Noreen closes the line with a sigh. She turns into the road which will lead her away from the town centre and up High Tower Hill. The walk home is a pleasant enough stroll through avenues lined with larches – a matter of twenty minutes to Neverlands Crescent where she resides, or thirty minutes on six-inch heels. She will soon be within sight of the two bright orange pillars that frame her front door. Jack Lopghast’s name flashes on her ‘phone.
I was just thinking of you! I said to myself, Jack’s moving house today: I must call him and see how he….
Yeah, how did you get on?
All gone smoothly? That Paul’s a real broad pair of shoulders, isn’t he? I wouldn’t say no to an Argentine Tango or two with him, Jack, I don’t mind admitting.
Ooo you dirty sod! What d’you mean, he couldn’t raise so much as a laugh? Yeah, he said he was knackered.
You both are? Well, it’s moving, isn’t it – all the stress and that.
Chas has buggered off?
He’s left you and Paul to do all the shifting in? That’s not like Chas, Jack, now is it?
Yeah, I know he’s the only one with a roof rack. Let me tell you sweetheart, the way he drives, you’re lucky you haven’t got a houseful of matchwood.
Yeah. Listen, sweetheart, where was he going?
He had to what?
Oh, gawd, I’ve got Trix on the other line. I’ll get back to you, yeah?”
Noreen closes the call, and answers Trixie’s tone.
Calm down, mate! What is it?
Stop sobbing, I can’t hear what you’re saying, yeah?
Slow down, mate – take a nice deep breath.
Oh my god!
You’ve lost one of the twins? Which one’s missing?
Daisy. Daisy’s missing. You’ve been right through Wally’s house and you can’t find her, yeah?
You called out for her?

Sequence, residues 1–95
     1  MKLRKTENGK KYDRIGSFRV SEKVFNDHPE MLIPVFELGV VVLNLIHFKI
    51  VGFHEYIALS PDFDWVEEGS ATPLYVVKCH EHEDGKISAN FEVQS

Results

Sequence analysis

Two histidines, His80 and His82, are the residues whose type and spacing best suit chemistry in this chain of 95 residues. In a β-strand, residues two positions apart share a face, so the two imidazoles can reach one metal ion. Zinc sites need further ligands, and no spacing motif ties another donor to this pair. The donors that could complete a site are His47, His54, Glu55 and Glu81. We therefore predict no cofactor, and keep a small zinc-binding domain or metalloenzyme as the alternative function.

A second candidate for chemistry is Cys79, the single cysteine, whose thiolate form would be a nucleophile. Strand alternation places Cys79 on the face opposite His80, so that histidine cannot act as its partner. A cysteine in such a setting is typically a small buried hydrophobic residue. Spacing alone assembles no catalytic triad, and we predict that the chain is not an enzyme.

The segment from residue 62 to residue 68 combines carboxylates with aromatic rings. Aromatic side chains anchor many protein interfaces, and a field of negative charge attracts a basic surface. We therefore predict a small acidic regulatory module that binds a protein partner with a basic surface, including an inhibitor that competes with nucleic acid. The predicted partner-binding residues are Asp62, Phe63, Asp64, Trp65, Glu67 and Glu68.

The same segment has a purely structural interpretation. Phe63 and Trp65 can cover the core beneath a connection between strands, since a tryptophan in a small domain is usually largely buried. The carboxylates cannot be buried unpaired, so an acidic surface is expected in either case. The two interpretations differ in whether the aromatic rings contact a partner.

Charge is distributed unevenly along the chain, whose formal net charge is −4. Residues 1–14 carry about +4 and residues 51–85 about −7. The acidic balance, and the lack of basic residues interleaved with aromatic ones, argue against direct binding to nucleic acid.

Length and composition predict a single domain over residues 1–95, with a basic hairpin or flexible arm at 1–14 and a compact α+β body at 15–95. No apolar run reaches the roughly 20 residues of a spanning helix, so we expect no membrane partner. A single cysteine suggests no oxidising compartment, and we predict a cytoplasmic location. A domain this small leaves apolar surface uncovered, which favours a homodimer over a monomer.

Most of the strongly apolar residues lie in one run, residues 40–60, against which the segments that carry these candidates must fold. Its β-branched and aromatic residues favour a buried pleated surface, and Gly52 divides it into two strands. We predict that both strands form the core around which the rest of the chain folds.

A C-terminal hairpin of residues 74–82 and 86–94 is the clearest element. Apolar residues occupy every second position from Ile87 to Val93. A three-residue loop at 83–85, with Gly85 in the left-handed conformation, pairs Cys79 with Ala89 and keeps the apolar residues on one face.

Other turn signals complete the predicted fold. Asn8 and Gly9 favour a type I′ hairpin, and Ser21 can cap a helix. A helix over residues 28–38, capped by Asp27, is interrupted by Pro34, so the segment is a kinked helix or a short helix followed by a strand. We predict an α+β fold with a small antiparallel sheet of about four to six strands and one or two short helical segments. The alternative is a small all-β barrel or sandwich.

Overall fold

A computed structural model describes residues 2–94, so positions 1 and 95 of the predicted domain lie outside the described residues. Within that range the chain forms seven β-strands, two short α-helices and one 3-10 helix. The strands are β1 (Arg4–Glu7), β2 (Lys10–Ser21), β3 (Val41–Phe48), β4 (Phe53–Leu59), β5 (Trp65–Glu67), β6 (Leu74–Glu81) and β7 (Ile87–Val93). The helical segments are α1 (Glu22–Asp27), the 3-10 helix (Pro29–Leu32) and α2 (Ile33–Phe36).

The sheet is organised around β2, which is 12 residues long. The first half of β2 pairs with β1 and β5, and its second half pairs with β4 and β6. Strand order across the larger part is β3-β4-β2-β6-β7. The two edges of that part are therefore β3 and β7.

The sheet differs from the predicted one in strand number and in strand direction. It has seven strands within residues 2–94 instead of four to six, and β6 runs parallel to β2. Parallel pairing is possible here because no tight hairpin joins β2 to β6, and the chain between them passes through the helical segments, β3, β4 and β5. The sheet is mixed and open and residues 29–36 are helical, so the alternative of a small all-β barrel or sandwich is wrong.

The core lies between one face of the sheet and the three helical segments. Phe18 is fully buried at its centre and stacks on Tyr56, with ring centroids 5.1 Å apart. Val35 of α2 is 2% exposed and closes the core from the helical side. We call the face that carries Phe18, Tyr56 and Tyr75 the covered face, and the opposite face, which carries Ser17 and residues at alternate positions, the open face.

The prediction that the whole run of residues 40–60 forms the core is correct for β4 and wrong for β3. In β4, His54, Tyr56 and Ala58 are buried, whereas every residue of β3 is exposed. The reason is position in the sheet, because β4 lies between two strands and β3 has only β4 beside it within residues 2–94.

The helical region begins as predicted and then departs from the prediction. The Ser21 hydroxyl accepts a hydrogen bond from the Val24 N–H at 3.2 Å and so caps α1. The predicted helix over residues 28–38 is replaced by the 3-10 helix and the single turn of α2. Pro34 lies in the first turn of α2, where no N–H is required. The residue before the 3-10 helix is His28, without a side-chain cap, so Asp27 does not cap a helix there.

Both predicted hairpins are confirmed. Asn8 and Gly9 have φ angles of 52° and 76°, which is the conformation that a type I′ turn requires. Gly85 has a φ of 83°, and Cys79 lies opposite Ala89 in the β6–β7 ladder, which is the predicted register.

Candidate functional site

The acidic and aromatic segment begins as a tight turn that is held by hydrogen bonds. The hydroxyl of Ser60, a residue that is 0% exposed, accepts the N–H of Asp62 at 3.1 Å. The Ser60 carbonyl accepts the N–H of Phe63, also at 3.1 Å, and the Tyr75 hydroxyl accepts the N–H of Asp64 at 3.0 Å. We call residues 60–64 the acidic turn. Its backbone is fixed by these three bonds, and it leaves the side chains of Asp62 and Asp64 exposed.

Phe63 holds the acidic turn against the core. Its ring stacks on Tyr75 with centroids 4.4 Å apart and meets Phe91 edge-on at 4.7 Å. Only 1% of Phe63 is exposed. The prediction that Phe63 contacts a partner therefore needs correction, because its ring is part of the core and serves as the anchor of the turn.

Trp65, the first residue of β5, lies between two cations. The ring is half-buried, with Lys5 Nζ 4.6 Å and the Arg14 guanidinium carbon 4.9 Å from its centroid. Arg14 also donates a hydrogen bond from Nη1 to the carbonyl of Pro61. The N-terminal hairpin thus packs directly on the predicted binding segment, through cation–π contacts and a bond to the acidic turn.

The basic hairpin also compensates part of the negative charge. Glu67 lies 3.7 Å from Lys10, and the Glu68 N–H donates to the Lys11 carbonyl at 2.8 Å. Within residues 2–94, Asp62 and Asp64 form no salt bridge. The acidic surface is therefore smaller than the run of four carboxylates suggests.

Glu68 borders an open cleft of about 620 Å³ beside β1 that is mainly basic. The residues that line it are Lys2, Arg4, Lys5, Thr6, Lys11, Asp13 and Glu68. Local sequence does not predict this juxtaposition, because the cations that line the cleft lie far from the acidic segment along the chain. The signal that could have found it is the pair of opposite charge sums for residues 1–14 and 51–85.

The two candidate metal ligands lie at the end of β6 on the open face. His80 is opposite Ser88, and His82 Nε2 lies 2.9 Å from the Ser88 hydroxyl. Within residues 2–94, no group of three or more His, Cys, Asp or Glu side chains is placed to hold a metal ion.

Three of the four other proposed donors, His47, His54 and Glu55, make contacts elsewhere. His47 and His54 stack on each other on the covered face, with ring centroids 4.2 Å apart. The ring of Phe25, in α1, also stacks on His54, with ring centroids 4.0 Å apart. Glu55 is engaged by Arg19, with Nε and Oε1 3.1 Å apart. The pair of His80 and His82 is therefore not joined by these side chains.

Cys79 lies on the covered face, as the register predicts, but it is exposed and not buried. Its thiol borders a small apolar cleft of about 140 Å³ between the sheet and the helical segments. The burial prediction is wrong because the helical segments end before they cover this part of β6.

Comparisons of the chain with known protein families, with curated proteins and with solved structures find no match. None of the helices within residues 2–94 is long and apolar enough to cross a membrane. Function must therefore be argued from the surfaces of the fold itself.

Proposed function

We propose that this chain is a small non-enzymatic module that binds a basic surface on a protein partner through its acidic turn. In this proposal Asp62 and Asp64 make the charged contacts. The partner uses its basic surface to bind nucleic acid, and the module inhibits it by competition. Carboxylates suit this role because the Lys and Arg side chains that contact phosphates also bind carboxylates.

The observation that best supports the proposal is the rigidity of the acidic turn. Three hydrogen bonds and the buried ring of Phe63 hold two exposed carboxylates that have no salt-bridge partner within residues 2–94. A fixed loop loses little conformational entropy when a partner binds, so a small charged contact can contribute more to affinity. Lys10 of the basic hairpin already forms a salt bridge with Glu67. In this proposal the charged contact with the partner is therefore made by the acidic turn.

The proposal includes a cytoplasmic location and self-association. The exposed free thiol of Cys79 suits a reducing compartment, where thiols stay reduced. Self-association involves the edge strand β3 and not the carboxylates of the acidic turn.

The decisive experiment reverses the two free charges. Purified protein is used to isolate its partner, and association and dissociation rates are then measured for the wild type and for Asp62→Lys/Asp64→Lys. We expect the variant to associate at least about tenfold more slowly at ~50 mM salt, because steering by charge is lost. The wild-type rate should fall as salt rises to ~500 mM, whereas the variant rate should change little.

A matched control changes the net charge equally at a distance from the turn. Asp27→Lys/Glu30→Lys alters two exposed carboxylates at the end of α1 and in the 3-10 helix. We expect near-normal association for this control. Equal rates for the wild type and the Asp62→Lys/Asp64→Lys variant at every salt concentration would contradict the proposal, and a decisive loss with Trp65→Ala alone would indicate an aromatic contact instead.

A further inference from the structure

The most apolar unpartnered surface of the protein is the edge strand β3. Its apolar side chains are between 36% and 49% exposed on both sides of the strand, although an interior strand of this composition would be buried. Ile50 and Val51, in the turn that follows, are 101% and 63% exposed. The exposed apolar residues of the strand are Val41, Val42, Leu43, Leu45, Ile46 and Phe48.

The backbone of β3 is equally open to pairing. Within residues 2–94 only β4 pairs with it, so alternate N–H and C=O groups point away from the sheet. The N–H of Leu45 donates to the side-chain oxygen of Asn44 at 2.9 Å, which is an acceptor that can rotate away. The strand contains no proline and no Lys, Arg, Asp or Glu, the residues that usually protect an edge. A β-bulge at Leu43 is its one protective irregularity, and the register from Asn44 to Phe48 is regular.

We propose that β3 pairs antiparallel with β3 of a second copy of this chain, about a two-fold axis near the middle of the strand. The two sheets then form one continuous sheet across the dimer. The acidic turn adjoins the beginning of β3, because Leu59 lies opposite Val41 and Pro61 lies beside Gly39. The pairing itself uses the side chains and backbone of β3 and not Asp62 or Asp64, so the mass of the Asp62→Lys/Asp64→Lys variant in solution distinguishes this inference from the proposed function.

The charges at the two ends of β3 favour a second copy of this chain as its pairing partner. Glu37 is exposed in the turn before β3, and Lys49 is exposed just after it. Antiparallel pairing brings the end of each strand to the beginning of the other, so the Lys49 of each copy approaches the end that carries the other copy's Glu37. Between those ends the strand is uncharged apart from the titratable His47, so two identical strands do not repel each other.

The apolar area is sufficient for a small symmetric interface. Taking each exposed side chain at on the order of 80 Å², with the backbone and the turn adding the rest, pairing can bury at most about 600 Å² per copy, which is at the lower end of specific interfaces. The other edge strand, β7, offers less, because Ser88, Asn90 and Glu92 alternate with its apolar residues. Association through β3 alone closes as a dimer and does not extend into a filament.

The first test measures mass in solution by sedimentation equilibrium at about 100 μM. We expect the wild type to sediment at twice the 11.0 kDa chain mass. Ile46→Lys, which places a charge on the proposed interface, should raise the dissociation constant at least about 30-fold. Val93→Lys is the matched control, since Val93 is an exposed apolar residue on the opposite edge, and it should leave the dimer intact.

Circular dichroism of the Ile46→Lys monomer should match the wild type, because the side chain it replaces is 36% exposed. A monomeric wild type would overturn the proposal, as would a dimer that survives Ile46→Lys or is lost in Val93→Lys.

What about little Robbo – doesn’t he know where she is?
They were playing Hide and Seek and Daisy was hiding. No, so he wouldn’t know,would he?
No, I’m not bein’ stupid, Trix. No, I’m not a plank – you got no reason to call me that. What did Wally say?
You’re getting emotional, Trix. Calm down, mate.
Here! What are you accusin’ me of?
No, I don’t care what Wally said, he’s a bleedin’ liar! Hide and Seek was definitely not my idea!
No Trix, it’s no good blaming me. I told you Wally was a bad choice, now, didn’t I? You’ll have to call the police, mate.
You have; that’s good.
Yes, you go.
He’s licking Angelina? Oh, the chocolate…
Sorry. Sorry Trix! Chas just went flying past me in that van of his. He’s a maniac, that man! You look after yourself, Trix love. I’ll get onto Wals and see what I can find out.”
Noreen taps Jack Lopghast’s name on her ‘phone.
“Jack, sweetheart, it’s Noreen again. Sorry to cut us off, love, but Trix is in a right tiz.
Yeah, she’s lost one of her little monsters.
No, of course it’ll be all right, we ain’t got no paedo-tricians round here, nor nothing. She’s just panicking, as usual. Anyway, you were saying about Chas buggering off and leaving you and Paul to finish? Funny thing, Jack sweetheart, Chas just passed me tearing down the ‘ill in his van.
Yeah. Yeah, he did have something banging around on the roof rack, now you mention it.
‘At least you know the excuse was genuine’ – what do you mean?
An old cupboard out the back of Wal’s place – it’s been there for months, has it?
No, I don’t remember it. Mind, I haven’t been round his for months, now I think of it. Anyway, you told Wally to get it shifted because it made his garden look like a scrap yard?
Chas promised him he’d take it down the tip for him this afternoon, did he?
Wal told him he’d leave the back gate unlocked so he could nip in and pick it up, yeah?
That’d be what he had on the roof rack then, just now, when I saw him, wouldn’t it?
Jack, sweetheart, I’m going to ring off now.
Yeah. I think I’d better give Trixie a call…”
Obviously, ‘Essex Woman’ is a wicked stereotype. All Essex women are not married to footballers, showy, vulgar, insensitive or dense. But the stereotype is much more fun, innit?
© Frederick Anderson 2016. Unauthorized use and/or duplication of this material without express and written permission from the author is strictly prohibited. Excerpts and links may be used, provided that full and clear credit is given to Frederick Anderson with specific direction to the original content.